My seventeenth selection is a related item. It is a ceramic “Trump Indicator” showing the trick and slam scores for what became known as Bridge-whist which dates it in the decade or so around the turn of the 19th century. A brass nob in the centre allows for the rotation of a ceramic disc underneath to show which suit or no trumps was in play at the time.
It carries no indication of a maker. In very small print at the top is inscribed the word “protected” but with no indication of what is protected from what or whom! I love this partly because it should not have survived as long as it has in perfect condition.
Whist was clearly the main card game of choice in the second half of the 19th century, but there was a host of other games projected on to the market by enthusiastic manufacturers aware of the taste for something new. Bezique was one of these, “relaunched” in 1868, and my next selection is one of the earliest, if not THE earliest of the boxed sets to meet what they hoped would be a new craze. Sadly the cards are missing from my set, but the box, wooden markers and instruction booklet are as originally sold, albeit with signs of wear.
Piquet was another of the “new” games competing for attention in an increasingly crowded market place. My next selection is a piquet boxed set which looks as if it has just come from the shop which sold it in 1898 (the date of the rule booklet it contains).
However enthusiastic the card-playing public became for piquet, the enthusiasm clearly did not impact on the original owners of this particular set or it would show some signs of use and wear. An unsought birthday, Christmas or wedding present perhaps?! Their loss is our gain.
For my penultimate choice we need to cross the Atlantic for a game originating in Europe but popularised in America – pinochle. The name was originally binocle from the French word meaning "eyeglasses". The game was very popular in Germany and German immigrants took the game to America where it was later mispronounced and misspelled "pinochle." The game is normally played by two to four players using a 48-card deck. It is derived from the card game bezique; players score points by trick-taking and also by forming combinations of cards into melds.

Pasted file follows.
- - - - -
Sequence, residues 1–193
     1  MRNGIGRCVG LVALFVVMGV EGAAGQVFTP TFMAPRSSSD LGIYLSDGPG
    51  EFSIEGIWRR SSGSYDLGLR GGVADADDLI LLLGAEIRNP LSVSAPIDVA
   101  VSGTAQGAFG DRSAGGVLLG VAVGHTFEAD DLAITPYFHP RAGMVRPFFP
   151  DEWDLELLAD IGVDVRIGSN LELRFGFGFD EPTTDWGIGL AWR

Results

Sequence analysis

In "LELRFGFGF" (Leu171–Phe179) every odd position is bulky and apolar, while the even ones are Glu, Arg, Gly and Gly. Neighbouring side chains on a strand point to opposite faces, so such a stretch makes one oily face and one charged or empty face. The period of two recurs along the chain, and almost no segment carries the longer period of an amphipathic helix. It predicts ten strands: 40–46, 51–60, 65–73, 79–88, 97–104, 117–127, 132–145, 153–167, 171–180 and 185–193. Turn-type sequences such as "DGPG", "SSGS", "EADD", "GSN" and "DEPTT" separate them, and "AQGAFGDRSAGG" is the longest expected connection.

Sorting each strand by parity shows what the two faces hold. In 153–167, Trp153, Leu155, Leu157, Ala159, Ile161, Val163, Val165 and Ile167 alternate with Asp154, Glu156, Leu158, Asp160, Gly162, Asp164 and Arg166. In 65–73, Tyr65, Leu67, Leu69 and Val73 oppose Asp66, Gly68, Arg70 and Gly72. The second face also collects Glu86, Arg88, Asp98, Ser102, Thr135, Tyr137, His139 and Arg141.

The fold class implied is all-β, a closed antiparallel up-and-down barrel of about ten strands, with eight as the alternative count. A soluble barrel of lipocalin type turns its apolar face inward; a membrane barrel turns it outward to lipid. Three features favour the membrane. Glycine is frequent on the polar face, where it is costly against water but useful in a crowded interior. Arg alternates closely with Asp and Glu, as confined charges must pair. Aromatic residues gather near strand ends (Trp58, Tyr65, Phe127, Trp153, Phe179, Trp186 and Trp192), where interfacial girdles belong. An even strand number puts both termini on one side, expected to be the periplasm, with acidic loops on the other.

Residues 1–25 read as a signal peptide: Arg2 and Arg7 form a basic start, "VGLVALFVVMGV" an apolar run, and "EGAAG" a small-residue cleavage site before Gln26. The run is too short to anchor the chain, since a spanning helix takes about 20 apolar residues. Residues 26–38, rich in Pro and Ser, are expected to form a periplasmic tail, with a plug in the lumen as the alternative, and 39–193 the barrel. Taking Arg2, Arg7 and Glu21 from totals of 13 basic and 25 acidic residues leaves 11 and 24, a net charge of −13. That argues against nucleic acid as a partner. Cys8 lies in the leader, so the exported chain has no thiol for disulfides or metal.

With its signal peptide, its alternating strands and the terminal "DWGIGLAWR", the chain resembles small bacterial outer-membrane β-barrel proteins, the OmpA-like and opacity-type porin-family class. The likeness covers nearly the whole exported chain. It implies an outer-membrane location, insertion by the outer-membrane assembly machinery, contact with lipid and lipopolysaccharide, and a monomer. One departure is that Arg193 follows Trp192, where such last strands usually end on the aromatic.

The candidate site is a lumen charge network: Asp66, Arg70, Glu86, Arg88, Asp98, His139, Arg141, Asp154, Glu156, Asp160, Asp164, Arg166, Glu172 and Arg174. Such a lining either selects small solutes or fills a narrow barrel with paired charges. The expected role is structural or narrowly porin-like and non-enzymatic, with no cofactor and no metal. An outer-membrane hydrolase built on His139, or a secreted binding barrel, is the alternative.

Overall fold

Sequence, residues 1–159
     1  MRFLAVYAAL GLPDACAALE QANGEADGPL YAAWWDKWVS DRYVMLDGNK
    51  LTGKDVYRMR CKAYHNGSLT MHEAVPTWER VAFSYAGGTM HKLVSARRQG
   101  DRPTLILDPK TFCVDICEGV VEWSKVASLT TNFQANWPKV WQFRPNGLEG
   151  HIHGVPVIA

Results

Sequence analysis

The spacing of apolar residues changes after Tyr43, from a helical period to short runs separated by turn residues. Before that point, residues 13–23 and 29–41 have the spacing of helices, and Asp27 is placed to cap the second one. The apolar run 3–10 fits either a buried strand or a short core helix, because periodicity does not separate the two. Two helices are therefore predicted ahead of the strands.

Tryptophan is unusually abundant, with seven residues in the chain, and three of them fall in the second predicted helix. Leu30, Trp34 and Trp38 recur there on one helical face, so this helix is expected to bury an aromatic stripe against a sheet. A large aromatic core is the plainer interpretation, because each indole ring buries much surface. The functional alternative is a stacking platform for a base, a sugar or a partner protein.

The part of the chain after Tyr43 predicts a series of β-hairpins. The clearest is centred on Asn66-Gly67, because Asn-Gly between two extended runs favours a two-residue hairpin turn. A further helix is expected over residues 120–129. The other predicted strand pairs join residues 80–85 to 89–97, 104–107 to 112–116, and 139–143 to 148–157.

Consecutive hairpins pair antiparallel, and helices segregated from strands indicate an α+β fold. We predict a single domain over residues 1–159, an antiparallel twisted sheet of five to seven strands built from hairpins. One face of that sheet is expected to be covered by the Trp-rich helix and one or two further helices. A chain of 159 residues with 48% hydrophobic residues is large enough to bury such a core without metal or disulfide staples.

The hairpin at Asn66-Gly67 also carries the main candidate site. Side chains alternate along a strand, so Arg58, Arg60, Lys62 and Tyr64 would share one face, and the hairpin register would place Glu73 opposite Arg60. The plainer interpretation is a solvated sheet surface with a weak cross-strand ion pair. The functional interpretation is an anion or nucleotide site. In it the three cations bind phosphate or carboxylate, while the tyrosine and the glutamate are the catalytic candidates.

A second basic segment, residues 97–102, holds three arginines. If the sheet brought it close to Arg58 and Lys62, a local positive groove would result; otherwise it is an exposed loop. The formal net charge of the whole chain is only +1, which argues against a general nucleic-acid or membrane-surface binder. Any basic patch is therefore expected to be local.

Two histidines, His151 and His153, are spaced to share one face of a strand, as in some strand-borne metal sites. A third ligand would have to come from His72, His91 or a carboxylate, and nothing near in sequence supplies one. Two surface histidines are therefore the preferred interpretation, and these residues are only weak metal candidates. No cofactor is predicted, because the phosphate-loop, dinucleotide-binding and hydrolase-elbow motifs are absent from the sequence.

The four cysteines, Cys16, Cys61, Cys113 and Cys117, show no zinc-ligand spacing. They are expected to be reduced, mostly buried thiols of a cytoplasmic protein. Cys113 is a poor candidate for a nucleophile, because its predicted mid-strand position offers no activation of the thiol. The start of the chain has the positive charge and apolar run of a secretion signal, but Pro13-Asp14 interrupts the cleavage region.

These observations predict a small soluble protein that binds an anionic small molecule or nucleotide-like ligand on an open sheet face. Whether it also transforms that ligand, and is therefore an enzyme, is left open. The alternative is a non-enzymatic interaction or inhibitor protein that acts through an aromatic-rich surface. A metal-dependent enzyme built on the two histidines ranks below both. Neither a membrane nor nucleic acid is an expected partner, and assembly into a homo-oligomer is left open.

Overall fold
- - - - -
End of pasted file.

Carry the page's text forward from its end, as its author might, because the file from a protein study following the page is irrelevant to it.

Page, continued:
This particular set comprises a black leather box with a drop-down front and a popper clip. It has one pack of cards underneath a removable tray of chips or counters for scoring and a canvas-covered booklet “Pinochle with Hints for Beginners” by the great R.F Foster dated 1908. I have never seen one before and do not expect to see another in such immaculate condition. I should perhaps admit at this point to a possible third criterion underpinning my collections if not all of my choices here. I do love well-made miniature items of which this is obviously one.
At this point I wish I had decided to select my favourite 40 items, but realise I have only one to go. There has been no place for so many cherished items but many of these I have written about elsewhere. So, as my final pick, I have chosen an object which is beautifully made, ingenious in design, and unusual in its conception. It also says so much about the era in which it was invented and produced. There were many card games designed for two people to play, but whist was the most popular of all the card games played socially throughout the 19th century. Not surprising, therefore, that there were a variety of attempts to make it possible for two people to play a version the game when the third and fourth player were not available. Goodall & Son were, not surprisingly at the forefront of such efforts with their well-known “Draw-Bridge” – “A game of bridge for two persons”.
However, my choice goes to Chad Valley’s “Double Dummy Bridge & Whist Board”.